Close up view of the Wildcat canyon icicles

We met Luna and his walker on the trail earlier.  Couldn't resist the photo.

Luna's owner told him it was time to go and he sat down. He then came up to him and said lets go its time and he actually laid down.  Too cute.  He probably had to carry him out.  Not sure. 
I will leave you with this: Every job is a self portrait of the person who did it.  Autograph your work with excellence.

Sunday, November 11, 2018

Mid Week Mega Hike November 7, 2018

Mid-Week Mega hike Nov. 7, 2018
 8:30a.m. departure group

I love leading the Mega Hike especially the mid week mega hike in November.  This year my guide that went with me was Peggy. We boarded the trolley at the Lodge and the trolley took us to the East end of the park to Illinois Canyon parking lot and we walked back from there going into every accessible canyon and overlook.  Once we got back to the Lodge, there was lunch waiting for us.   Yumm!  We had a 1/2 hour lunch and then departed for Starved Rock and the West end of the park.  Great weather and none of the crowds that are here for the weekend Mega Hikes.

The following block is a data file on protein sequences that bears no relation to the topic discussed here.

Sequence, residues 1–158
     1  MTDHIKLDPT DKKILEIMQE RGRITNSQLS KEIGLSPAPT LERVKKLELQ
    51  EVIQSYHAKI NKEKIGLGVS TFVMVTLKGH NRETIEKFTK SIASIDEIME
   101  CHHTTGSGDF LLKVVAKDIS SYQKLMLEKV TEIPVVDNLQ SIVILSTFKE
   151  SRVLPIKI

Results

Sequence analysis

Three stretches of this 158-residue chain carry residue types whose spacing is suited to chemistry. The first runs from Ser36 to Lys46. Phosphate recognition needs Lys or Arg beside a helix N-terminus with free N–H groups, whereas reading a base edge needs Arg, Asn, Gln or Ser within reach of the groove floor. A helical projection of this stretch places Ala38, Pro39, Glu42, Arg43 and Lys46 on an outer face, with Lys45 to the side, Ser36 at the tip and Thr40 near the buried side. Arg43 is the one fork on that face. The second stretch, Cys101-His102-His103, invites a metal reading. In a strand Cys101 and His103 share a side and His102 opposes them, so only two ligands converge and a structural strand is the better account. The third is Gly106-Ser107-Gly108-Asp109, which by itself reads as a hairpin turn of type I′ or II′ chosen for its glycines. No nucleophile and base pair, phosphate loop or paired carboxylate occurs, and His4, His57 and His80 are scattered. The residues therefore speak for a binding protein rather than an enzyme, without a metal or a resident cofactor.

The trolley dropping us at Illinois Canyon parking lot.  We were the first group to arrive.  There will be another Mega Hike group arriving in a half hour.
Tree down in Illinois Canyon

Over or under.  Most of us chose under.

When looking for a waterfall, Illinois Canyon is a sure bet lately

We have been taking group photos by this tree for years on the mega hike.  When we started taking the photos on the mega hike the leaning tree was over their heads.

The boot area.  This is located on the trail right before Council Overhang

Coming down from Council Overhang

Kaskaskia Canyon.  I was really surprised there was a mini waterfall here.

Ottawa Canyon